Of his other posthumous singles, "The Happy Song" reached #25, and is a return to his usual style, while "I've Got Dreams To Remember" featuring a nice female backing chorus, fits in with his slow songs a la "I've Been Loving You Too Long" and "Try A Little Tenderness."

What would Reddings' career have been like had he survived? His success at Monterey hinted at bigger things, definitive crossover potential, though among the R&B pantheon, he still would've faced stiff competition from Motown artists like the Supremes, Marvin Gaye, and the Temptations. Very Best Of is just that, a reminder of what was and what might have been.
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on January 24, 2001
Listening to this great CD will compel one incontrovertable conclusion: Otis Redding died way too young. Heaven only knows what wonderful songs we could be enjoying today, had his plane not crashed back in 1967.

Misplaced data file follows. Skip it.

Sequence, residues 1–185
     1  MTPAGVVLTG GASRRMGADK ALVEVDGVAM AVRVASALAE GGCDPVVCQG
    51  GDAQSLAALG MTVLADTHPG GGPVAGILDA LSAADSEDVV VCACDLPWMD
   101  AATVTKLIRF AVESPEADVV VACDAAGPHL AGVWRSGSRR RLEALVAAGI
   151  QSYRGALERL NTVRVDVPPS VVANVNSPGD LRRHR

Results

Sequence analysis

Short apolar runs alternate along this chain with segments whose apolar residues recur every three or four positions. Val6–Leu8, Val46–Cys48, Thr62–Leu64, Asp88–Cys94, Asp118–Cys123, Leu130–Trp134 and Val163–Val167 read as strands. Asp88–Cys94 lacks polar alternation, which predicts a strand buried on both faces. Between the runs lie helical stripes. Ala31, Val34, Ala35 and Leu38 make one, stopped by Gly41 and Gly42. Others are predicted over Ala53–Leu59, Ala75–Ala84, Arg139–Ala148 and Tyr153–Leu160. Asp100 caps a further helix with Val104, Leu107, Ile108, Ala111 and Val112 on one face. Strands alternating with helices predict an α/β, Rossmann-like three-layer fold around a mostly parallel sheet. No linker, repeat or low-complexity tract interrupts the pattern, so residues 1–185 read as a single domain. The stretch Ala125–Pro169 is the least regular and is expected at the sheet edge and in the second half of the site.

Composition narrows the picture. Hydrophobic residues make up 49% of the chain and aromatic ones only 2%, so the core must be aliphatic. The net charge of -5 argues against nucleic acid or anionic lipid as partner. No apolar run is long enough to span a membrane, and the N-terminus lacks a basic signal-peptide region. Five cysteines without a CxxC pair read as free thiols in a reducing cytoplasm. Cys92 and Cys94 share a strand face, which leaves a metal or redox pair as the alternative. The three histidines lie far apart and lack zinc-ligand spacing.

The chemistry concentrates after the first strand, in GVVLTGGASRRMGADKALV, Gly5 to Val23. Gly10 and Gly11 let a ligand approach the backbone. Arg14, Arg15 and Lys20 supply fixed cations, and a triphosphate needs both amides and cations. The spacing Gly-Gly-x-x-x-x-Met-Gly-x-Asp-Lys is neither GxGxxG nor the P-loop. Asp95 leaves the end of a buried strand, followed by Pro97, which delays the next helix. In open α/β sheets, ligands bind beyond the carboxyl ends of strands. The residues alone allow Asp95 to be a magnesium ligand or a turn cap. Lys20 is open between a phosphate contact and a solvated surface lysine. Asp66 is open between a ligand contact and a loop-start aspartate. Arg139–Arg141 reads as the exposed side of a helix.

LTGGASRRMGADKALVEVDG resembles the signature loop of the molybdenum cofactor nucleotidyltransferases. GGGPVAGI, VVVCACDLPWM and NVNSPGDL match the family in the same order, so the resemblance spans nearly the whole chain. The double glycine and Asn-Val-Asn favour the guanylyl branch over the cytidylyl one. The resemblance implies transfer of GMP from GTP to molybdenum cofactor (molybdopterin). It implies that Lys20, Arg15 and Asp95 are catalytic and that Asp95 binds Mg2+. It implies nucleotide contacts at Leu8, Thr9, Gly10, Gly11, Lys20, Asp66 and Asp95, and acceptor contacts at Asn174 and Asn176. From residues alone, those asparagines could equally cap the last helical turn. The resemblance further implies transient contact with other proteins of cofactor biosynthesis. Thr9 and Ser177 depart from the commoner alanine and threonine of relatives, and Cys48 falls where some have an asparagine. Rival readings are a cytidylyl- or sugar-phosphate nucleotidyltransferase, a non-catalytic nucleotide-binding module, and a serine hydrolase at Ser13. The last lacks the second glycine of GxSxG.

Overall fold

But thankfully, listen we can, to some phenominal music from that too-short career. He could burn down the house (as he did in Monterrey) with cuts like "I Can't Turn You Loose", "Satisfaction" and of course "Respect". He could also croon with some of the most deeply soulful love songs, like "Pain in my Heart", and the incomparable "I've Been Lovin' You Too Long To Stop Now". There is no need to mention "Dock of the Bay" recorded just three days before his death. Words are inadequate to describe that song.
This is a must have CD. Too many are now recorded as the "Best of", but this is one which really deserves that moniker.